ECOLOGICAL FOOTPRINT EXPLORER OPEN DATA PLATFORM LAUNCHES APRIL 5, 2017
The US per person Ecological Footprint dropped nearly 20% during the last eight years of available data (2005 and 2013), a total reduction that matches the entire Footprint of Germany.
Global Footprint Network is thrilled to announce that Ecological Footprint data for over 200 countries and regions is now freely available, searchable, and downloadable on the Ecological Footprint Explorer open data platform at data.footprintnetwork.org.
By offering researchers, analysts, and decision-makers a new and deeper way to interact with and explore Ecological Footprint data, Global Footprint Network, an international research organization, aims to amplify its ability to change how the world manages its natural resources and create a sustainable future.
“We live on one planet with limited natural resources. That’s a reality we need to carefully track and address if we’re serious about fulfilling the global commitments of the Paris Climate Accord and the Sustainable Development Goals,” said Mathis Wackernagel, co-inventor of the Ecological Footprint and CEO of Global Footprint Network.
Global Footprint Network will hold two webinars, on April 5 and 6, to present and explain the new open data platform.
Please register below:
Ecological Footprint Explorer Webinar April 5 11 am PT / 2 pm ET / 6 pm GMT
April 6 7 am PT/ 10 am ET / 2 pm GMT
A formal launch event will be held in San Francisco on April 27. Thought leaders from Google Earth, Aclima, Capgemini, data.world, and the City of Oakland will join a panel discussion on the crucial role of data in taking action to effectively advance sustainability.
National Footprint Accounts 2017
The launch of the Footprint Explorer coincides with the release of Global Footprint Network’s National Footprint Accounts (NFAs) 2017 Edition. Every year, the organization produces a new edition of its NFAs, which track the evolution of the Ecological Footprint of more than 200 countries and regions from 1961 to the present. Based on approximately 15,000 data points per country per year, this data has been used to influence policy in more than a dozen countries, including Ecuador, France, Germany, Japan, Korea, the Philippines, Russia, Switzerland, and the United Arab Emirates. “The Ecological Footprint is a critical tool for ensuring that we mitigate and adapt to climate change while also preserving the integrity of our vital natural resources and protecting our country from future risk,” said the former President of the Philippines, Benigno Aquino II, in a Global Footprint Network report on the Ecological Footprint of the Philippines. The 2017 NFAs incorporate the latest data from UN statistics, the International Energy Agency, and over 20 other secondary scientific datasets to provide results up to the latest year possible, 2013.
Highlights from NFA 2017 include:
- The US per person Ecological Footprint fell nearly 20% between 2005 (a peak) and 2013, amounting to the single largest total Footprint reduction for any country over the same period—that reduction is equivalent to Germany’s total 2013 Ecological Footprint. This significant shift, which includes a post-recession pick up, is associated mostly with decreasing carbon emissions and, to a smaller extent, lower forest Footprint likely related to the recession and housing market decline, and trade. US per person GDP grew about 20% over the same period, making the USA a compelling case of decoupling (with economic growth and natural resource consumption following opposite trends).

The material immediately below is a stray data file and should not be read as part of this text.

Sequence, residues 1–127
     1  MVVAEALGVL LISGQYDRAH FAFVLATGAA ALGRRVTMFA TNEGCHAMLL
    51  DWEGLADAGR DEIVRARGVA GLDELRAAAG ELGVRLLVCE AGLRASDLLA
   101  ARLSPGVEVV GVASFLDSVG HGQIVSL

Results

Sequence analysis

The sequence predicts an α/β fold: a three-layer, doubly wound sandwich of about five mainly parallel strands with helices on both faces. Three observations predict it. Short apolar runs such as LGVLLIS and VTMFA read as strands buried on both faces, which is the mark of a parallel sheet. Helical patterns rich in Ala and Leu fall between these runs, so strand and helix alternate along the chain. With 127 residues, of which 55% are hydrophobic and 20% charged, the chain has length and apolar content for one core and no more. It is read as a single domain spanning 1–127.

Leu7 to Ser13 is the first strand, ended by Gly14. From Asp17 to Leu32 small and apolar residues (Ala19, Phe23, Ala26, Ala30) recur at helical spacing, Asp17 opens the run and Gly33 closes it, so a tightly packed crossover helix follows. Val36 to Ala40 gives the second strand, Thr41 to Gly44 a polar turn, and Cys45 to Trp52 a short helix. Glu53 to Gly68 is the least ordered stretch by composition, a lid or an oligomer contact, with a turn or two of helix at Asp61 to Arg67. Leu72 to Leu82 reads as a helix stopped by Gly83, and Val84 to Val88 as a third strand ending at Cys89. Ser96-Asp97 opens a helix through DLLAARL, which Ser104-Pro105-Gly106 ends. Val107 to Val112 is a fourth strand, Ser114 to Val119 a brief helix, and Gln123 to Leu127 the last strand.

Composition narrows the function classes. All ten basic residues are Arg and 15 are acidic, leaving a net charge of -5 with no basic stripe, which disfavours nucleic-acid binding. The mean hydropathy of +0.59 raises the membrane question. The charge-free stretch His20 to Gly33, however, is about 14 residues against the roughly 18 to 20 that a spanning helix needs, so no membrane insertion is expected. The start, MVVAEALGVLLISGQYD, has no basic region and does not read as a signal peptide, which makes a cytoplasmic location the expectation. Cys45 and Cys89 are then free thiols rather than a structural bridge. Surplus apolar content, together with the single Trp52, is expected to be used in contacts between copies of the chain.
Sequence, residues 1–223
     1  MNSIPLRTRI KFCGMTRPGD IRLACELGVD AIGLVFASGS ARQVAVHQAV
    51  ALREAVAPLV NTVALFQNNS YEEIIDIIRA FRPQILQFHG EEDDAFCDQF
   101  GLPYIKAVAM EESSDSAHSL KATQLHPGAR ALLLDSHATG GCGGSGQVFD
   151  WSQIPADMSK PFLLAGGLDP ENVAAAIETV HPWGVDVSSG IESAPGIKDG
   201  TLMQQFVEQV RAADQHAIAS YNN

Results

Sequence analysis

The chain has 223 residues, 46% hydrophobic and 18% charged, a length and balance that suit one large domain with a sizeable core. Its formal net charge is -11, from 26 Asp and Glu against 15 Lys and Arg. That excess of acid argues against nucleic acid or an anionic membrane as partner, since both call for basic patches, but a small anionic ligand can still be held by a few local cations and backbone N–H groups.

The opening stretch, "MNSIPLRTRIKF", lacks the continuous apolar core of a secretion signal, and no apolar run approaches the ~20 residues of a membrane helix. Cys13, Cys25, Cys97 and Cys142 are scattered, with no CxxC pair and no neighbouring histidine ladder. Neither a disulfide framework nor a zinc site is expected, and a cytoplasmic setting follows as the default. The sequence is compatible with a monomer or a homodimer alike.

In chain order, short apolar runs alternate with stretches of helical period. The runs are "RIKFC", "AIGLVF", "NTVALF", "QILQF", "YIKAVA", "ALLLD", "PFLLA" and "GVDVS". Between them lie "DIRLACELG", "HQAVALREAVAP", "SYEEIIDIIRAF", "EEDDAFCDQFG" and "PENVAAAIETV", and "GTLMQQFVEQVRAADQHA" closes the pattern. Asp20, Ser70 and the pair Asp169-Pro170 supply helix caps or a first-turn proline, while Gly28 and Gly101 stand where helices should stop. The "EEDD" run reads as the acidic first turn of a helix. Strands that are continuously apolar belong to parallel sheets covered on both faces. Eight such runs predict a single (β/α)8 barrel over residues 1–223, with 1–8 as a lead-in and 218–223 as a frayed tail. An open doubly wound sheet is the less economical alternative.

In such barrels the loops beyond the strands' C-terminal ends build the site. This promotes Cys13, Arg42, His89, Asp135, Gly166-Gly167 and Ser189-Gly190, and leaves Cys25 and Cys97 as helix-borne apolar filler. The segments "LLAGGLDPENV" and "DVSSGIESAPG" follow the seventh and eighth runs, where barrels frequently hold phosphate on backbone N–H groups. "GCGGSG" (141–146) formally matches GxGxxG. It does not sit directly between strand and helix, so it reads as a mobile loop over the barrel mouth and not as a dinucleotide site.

Read more about how this decoupling trend runs counter to US President Donald Trump’s recent climate actions in our Huffington Post article.
- Australia’s per person Ecological Footprint fell 22% between 2003 and 2013. This can be mostly attributed to a carbon Footprint decrease. Explanations include a drop in household electricity demand in 2010, possibly due to energy standards on appliances and increasing electricity prices. Furthermore, the carbon pricing system enacted by the Labor Party is concomitant with the carbon Footprint drop observed from 2012 to 2013. We look forward to seeing economists and energy policy experts in Australia use our data and provide a more detailed analysis, potentially drawing useful lessons for future policy making.
- Uruguay has been able to gradually and consistently lower its Footprint per person since 1995 while increasing its Human Development Index (HDI) from Medium-High to currently on the cusp of Very High, due to continual increases in life expectancy (health), education and gross net income per person. It remains to be seen how Uruguay’s National Energy Policy (implemented in 2010), which promotes biofuels and wind energy generation, will impact the decrease of the Footprint going forward, and whether the country will reduce carbon dioxide emissions from the transportation sector, which is still mostly petroleum-based. Since the downward trend in Footprint started 15 years before the Energy Policy implementation, other factors than renewables have obviously been at work behind the Footprint’s downward trend. We’re looking forward to experts and analysts picking up this data as an area of research to reveal the reasons underlying Uruguay’s Ecological Footprint’s consistent decline, and to provide useful analysis for future policy making in Uruguay and in other countries around the world.
Please take some time to check out the Ecological Footprint Explorer.
If you are an advanced data user, you can also download our data and run queries through data.world/footprint. We look forward to receiving your feedback via email at [email protected]
Stay tuned for additional features coming soon!
The Global Footprint Network Team